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NURSING CARE

OF
PATIENT
WITH
DEMENTIA

PRESENTED BY:
H. RUFUS RAJ,
LECTURER, ACON
DEFINITION
“Deprived of mind"

A progressive organic mental disorder


characterized by personality changes, confusion,
disorientation, and deterioration of intellect
associated with impaired memory and judgment

Dementia is a syndrome characterized by


dysfunction or loss of memory, orientation,
attention, language, judgment, and reasoning
INCIDENCE

Most often in older adults


Increases with aging
60% to 80% of the patients with dementia
having the diagnosis of Alzheimer’s disease
60,000 new cases are diagnosed in Canada
each year
ETIOLOGY
NEURO DEGENERATIVE
DISORDERS
METABOLIC OR TUMORS
ØAlzhiemer’s disease
TOXIC DISEASE vBrain tumors
vAlcoholism
ØFrontal lobe dementia vMetstatic tumors
ØDown syndrome vThiamine deficiency

ØParkinson’s disease vHyperthyroidism

ØHuntington’s disease
VENTRICULAR
vHypothyroidism
DISORDERS
vHyperglycemia

VASCULAR DISEASES Hydrocepalus


vHypercalcemia
qCardiac disease

qSubarachnoid hemorrhage SEIZURE DISORDERS


qSubdural hematoma
IMMUNOLOGIC
DISEASES DRUGS
§Multiple sclerosis
SYSTEMIC DISEASES ØDiuretics

Encephalopaty §Chronic fatigue


ØDigoxin
o

oWilson’s disease
syndrome ØAnticolinergics
oHepatic encephalopathy
§Infections
ØOpoids
§Meningitis
ØHypnotics
TRAUMA §Encephalitis
ØAntiypertensives
Head injury §Neurosyphilis
CLASSIFICATION

Slowly progressive dementia


Begins gradually and worsens progressively
over several years
Caused by neurodegenerative disease, that is,
by conditions affecting only or primarily the
neurons of the brain and causing gradual but
irreversible loss of function of these cells.
Eg. Alzheimer's disease, Vascular dementia
Rapidly progressive dementia
Possible causes include
Brain infection (viral encephalitis, subacute
sclerosing panencephalitis,
Tumors : lymphoma or glioma
Drug toxicity (e.g. anticonvulsant drugs)
Metabolic causes: liver failure or kidney failure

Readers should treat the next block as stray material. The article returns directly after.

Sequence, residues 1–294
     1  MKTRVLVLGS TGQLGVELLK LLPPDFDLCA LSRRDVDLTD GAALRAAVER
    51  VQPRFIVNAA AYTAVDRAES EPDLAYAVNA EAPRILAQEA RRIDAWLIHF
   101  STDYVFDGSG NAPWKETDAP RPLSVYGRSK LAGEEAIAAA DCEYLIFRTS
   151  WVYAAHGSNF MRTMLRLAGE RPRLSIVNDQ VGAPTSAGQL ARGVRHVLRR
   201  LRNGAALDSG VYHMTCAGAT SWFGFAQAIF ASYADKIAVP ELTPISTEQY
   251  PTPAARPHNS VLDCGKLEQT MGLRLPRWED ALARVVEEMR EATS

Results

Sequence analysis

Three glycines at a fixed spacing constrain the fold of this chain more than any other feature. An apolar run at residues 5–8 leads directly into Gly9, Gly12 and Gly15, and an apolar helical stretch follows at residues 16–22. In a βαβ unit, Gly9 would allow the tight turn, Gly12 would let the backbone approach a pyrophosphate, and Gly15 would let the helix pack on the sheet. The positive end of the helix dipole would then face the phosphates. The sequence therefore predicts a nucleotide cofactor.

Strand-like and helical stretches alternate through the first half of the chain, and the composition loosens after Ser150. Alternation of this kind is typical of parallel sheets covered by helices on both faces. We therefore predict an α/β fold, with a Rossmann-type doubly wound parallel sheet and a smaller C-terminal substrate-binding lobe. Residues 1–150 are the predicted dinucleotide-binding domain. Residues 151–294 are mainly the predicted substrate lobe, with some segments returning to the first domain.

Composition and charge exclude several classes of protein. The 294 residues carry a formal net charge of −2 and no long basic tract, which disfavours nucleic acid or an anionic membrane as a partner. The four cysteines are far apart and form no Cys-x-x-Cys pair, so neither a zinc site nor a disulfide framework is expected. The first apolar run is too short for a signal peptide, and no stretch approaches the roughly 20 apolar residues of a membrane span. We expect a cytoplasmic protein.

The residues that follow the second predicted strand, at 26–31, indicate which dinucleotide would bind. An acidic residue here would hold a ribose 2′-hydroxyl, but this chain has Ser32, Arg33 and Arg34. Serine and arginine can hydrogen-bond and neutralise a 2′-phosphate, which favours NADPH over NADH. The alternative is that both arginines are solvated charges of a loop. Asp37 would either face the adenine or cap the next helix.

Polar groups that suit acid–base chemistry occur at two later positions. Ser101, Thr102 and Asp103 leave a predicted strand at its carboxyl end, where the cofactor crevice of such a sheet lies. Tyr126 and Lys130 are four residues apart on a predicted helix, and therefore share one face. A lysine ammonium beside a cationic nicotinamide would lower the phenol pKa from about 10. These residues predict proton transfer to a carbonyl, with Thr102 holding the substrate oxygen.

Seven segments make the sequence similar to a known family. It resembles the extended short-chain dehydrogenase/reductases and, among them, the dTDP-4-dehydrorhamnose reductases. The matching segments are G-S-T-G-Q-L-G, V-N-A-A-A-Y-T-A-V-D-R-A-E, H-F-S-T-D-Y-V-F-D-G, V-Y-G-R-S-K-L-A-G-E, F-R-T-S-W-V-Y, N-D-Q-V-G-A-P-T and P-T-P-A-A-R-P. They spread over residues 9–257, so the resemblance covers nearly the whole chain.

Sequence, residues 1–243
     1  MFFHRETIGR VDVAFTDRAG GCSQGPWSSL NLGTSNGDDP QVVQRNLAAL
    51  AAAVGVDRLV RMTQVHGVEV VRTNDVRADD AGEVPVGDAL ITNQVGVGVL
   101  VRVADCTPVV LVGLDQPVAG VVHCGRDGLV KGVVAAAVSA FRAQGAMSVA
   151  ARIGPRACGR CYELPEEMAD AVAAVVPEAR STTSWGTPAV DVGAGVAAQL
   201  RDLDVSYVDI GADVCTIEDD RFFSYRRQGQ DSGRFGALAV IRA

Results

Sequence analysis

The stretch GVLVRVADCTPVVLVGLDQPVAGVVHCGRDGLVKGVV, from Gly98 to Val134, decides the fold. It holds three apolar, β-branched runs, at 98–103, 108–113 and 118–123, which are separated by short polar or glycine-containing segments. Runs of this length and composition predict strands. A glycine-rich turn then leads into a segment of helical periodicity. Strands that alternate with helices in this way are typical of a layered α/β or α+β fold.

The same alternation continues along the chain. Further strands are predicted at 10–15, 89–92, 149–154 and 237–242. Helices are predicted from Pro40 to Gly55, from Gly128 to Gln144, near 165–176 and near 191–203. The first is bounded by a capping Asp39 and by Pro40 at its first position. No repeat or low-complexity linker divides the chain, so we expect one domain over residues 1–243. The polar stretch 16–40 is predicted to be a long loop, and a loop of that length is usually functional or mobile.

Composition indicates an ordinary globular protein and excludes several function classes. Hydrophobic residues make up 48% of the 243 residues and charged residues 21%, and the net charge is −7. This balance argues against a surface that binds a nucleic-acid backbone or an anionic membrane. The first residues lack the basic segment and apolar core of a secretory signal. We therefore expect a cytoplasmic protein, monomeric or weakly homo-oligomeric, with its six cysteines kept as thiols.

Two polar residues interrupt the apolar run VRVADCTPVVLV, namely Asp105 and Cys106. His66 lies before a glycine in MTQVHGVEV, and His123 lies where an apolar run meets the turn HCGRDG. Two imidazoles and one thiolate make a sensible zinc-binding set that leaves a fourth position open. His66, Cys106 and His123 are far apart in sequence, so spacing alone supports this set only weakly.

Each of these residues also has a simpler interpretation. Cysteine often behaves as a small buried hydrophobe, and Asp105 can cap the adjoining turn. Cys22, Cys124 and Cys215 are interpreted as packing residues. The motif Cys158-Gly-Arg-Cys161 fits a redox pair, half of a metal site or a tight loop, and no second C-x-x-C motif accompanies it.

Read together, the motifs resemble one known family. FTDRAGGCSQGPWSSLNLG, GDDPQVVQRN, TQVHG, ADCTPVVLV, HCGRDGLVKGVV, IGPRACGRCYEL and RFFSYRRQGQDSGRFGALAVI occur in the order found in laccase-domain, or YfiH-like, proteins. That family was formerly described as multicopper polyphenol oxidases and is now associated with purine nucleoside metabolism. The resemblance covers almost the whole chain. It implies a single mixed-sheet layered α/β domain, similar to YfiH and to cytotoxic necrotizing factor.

Brain injury: chronic subdural hematoma.
Pathophysiology
Vascular dementia or multiinfarct dementia

Ischemic, ischemic hypoxic & hemorrhagic lesions

Narrowing & blocking of arteries that supply the brain

Decreased blood supply to the brain


CLINICAL MANIFESTATIONS

MIDDLE (moderate) LATE (severe)


•Impaired ability to •Little memory
EARLY (mild)
•Forgetfulness
recognise family •Cannot understand

•Sort term memory


members words
•Agitation •Difficulty in
impairment •Lss of remote memory
•Loss of initiative & eating/swallowing
•Confusion •Repitious words
interest •Insomnia •Immobility
•Decreased judgement
•Delusions •Incontinence
•Geographic
•Hallucinations •Unable to perform self
disorientation •Apraxia
care activities
•Behavioural problems
DIAGNOSTIC EVALUATION

ASSESSMENT
MINI MENTAL STATUS EXAMINATION
Orientation to time
Registration
Naming
Reading

IMAGING STUDIES
MANAGEMENT

PREVENTIVE MEASURES
Treatment of risk factors
§ Hypertension
§ Diabetes
§ Smoking
§ Orthostatic hypertension
§ Cardiac dysrythmias
PHARMACOLOGICAL THERAPY:
Cholinestrase inibitorsAcetylcholinesterase
inhibitors: Tacrine (Cognex), donepezil
(Aricept), galantamine (Razadyne), and
rivastigmine (Exelon)
Donezepil
Amyloid deposit inhibitors: Minocycline and
Clioquinoline
Antidepressant drugs
Anxiolytic drugsbenzodiazepines like
diazepam (Valium)
NURSING
CARE
OF
PATIENTWITH
DELIRIUM
DEFINITION

Delirium is the state of temporary but acute